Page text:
There are a few proposed telescopes in the works and under planning at the moment, very exciting times to look forward to. Some of the telescopes aren’t that much bigger but others could become a new definition in large ground based telescopes for this century. There are four major telescopes in the works at this stage:
The Giant Magellan Telescope is currently under construction, the initial blast on the mountain tops of Chile actually happened March 23 this year at the location where the Magellan telescope is going to be built. GMT is being built atop Las Campanas Peak in Chile at an altitude of 2,550 meters (8,366 feet) above sea level, one of the reasons for this location in particular is that has a fairly stable weather pattern that spends most of the year with clear nights. GMT is a $700 million project that is being funded by the U.S, Korea and Australia who has currently put in about 10% of the funding, ultimately this will be a very good investment for all Australian astronomers.
The Giant Magellan Telescope is going to be comprised of seven 8.4m mirrors which coupled with Adaptive Optics will give this telescope the resolution on the order of 10 times better than what we are currently able to get from the Hubble Space Telescope, this is a big achievement on its own from a ground based telescope. GMT is expected to be completed by 2018 so only another 6 years to wait, what are we expecting to find?
According to the GMT website this telescope is going to be used to study extrasolar planets, the formation of the first galaxies and hopefully help with our understanding of dark matter and dark energy. I would also likely think that a telescope of this magnitude would also be able to get a glimpse of the First Stars or at least their bright supernovas, although this may be only be capable of the James Webb Space Telescope or larger telescopes.
The Thirty Meter Telescope is what you would call a very large telescope but it is composed of many many smaller mirrors. TMT has 492 mirrors each about 1.44 meters in size and there are a few very good reasons for doing things in this manner. It is easy to imagine that it would be much cheaper to make nearly 500 relatively small mirrors and to transport them than to make and transport one 30 meter mirror.
Like all new telescopes it has adaptive optics which allows it to effectively see through the atmospheric distortion. Unlike many telescopes it is also going to have a large range of wavelengths that are going to be observable, from 320 nanometers to 28 microns. This means it’ll be effective from the ultraviolet all the way into the infrared part of the spectrum. Also unlike many telescopes it has a really long focal length of f/15, in comparison the Anglo Australian Sliding Springs Observatory has a focal ratio of f/3.3 which gives it a much larger field of view.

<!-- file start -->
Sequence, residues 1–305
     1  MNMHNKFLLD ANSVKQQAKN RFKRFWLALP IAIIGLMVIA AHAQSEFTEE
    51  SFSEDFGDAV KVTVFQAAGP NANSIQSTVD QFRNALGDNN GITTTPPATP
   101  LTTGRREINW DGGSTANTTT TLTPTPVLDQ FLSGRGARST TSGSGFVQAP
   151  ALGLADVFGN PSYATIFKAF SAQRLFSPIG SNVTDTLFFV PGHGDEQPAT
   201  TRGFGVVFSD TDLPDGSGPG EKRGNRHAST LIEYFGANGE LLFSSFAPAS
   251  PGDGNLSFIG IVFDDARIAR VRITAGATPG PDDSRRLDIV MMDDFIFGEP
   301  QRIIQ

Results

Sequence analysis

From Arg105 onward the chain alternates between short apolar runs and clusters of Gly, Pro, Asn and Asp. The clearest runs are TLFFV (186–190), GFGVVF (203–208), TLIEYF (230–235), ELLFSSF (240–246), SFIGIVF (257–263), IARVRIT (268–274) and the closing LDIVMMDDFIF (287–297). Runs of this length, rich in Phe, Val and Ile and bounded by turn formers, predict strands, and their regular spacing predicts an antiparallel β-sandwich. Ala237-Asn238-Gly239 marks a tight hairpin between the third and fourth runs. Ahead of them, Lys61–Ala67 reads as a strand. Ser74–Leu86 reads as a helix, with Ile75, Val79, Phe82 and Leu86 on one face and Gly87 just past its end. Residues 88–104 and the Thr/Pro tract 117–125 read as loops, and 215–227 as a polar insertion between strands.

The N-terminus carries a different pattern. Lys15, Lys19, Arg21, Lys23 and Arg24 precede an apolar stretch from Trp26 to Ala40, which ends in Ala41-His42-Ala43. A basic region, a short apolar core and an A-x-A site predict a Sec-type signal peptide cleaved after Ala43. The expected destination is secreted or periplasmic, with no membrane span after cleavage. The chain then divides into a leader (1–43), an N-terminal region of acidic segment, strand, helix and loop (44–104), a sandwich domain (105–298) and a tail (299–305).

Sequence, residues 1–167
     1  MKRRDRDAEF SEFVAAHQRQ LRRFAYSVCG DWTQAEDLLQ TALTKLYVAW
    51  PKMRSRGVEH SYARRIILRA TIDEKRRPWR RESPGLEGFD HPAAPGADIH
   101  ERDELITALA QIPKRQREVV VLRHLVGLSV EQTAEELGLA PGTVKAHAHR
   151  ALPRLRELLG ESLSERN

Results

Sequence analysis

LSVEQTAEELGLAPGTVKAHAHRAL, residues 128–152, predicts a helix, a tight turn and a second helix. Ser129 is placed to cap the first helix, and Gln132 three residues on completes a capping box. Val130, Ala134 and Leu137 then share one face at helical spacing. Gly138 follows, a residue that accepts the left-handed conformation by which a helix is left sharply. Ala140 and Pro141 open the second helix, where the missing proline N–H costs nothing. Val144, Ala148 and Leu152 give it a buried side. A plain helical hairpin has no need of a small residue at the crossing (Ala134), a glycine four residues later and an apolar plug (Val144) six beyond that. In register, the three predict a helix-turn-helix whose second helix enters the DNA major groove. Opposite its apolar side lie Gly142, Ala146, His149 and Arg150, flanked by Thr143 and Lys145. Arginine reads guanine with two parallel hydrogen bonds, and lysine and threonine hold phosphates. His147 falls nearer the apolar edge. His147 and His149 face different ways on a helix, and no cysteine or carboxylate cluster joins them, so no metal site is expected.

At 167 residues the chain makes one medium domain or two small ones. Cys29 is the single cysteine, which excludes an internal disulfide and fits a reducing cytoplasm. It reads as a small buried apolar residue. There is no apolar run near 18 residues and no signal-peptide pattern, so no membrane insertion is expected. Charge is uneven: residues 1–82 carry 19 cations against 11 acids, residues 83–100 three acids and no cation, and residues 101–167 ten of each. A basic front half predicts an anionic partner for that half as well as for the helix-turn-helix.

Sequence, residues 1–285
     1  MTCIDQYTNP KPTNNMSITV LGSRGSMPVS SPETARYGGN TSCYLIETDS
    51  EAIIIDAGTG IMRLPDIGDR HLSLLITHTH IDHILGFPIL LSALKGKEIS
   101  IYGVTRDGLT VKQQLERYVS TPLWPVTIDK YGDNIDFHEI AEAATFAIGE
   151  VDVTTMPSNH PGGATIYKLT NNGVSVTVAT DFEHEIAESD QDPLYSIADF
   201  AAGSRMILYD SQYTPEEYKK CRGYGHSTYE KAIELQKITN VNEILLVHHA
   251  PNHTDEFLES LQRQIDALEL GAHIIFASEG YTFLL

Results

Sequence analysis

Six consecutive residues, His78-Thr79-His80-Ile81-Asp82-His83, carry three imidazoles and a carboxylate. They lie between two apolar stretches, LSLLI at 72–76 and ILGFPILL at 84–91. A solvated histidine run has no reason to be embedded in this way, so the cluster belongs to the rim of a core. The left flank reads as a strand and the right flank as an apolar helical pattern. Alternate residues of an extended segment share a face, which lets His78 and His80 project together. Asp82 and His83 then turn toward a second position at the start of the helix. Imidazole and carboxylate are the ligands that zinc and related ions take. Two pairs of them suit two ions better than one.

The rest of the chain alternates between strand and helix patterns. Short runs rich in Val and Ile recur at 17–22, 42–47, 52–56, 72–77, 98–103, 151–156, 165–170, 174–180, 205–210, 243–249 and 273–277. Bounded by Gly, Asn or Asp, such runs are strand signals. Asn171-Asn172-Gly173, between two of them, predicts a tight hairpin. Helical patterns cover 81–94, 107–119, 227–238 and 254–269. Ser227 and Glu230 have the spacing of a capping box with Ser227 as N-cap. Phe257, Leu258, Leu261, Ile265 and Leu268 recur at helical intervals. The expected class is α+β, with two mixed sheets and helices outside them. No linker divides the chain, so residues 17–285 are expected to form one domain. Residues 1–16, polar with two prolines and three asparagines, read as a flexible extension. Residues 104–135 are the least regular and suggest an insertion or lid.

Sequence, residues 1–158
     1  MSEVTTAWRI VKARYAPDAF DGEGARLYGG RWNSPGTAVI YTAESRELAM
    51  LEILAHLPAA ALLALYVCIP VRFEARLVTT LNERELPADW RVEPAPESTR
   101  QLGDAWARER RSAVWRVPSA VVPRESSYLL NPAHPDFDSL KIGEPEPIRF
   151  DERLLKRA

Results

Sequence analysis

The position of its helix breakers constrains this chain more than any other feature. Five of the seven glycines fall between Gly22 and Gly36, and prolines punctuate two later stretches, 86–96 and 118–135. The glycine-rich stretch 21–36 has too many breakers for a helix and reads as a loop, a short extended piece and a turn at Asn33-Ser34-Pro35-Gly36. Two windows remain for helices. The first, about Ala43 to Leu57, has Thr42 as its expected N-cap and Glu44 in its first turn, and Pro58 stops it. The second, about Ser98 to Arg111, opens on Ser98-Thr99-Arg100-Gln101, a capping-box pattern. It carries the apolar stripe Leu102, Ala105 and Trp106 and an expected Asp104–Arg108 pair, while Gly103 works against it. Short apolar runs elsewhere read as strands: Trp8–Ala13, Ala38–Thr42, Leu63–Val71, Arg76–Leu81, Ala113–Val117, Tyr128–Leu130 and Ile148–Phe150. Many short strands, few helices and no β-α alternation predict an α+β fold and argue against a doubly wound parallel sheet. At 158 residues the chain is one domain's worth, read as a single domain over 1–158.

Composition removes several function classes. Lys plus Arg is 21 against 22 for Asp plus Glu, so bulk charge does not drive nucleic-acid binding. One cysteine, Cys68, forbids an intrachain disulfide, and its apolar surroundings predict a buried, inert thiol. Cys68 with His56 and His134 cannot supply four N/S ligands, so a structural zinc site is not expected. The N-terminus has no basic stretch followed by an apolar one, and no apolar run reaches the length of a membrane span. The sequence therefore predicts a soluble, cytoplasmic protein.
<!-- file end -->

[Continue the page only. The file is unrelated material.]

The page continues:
TMT is going to be located on Mauna Kea, Hawaii at an elevation of 4,050 meters above sea level and this makes it the second highest of the candidate sites and although there can be a little bit of light pollution on that part of Hawaii it’s not likely to cause any problems. Along with fairly stable weather patterns for the majority of the year it does make for a good site.
The Overwhelmingly Large Telescope is as the name suggests, overwhelmingly large. OWL has an aperture of 100 meters, the same distance that Bolt ran in 9.58 seconds so this gives a scale that we can relate to. This telescope is made up of 3042 1.6m mirrors which are all on their own a manageable size to forge and transport.
There isn’t currently a location set for OWL and this is because the project has been scrapped, it had a budget that was overwhelmingly expensive so maybe in years to come it might be built. Although OWL is no longer being built at this current stage ESO has announced that they are going to build a different very large telescope which they have called.
The European Extremely Large Telescope which is going to be a 39.3 meter telescope so although it’s not as big as what OWL was going to be but still very large. EELT is going to be built on top of the Cerro Armazones in Chile at the location of the European Southern Observatory. The 39.3m mirror is going to be composed of nearly 800 1.4m segments which helps to bring down the overall cost of such a large telescope. It is however going to need to have a 4.2m secondary mirror which is actually larger than many telescopes around the world currently which really goes on further to show just how much of a leap forward the European Extremely Large Telescope is going to be to the world of astronomy.
The ESO and astronomers world wide are wanting to get more information on Dark Energy and maybe actually work out what it is. The EELT may even be able to view the atmospheres around exo-planets potentially finding life on other planets. Astronomers are also wanting to get a glimpse of the first light of the universe with this telescope.
Sadly however this telescope isn’t going to start construction until later this decade or early next so there is a long time to wait.
It is really nice to think that within the next decade there is going to be an all new class of very large telescopes around the world that we’ll be able to tap into. The past two decades have been the time of 8-10m telescopes with the likes of Gran Telescopio Canarias, Keck and SALT and VLT. These next few decades are going to be the decades of the 20-40m telescopes so very exciting times. If the global economic climate gets better over the next few decades there is always the hope that the Overwhelming Large Telescope will actually begin construction. As good as OWLs replacement the Extremely Large Telescope is, it still only fits the profile of Originally Was Large (OWL).
Credit: EUROPEAN SOUTHERN OBSERVATORY/SCIENCE PHOTO LIBRARY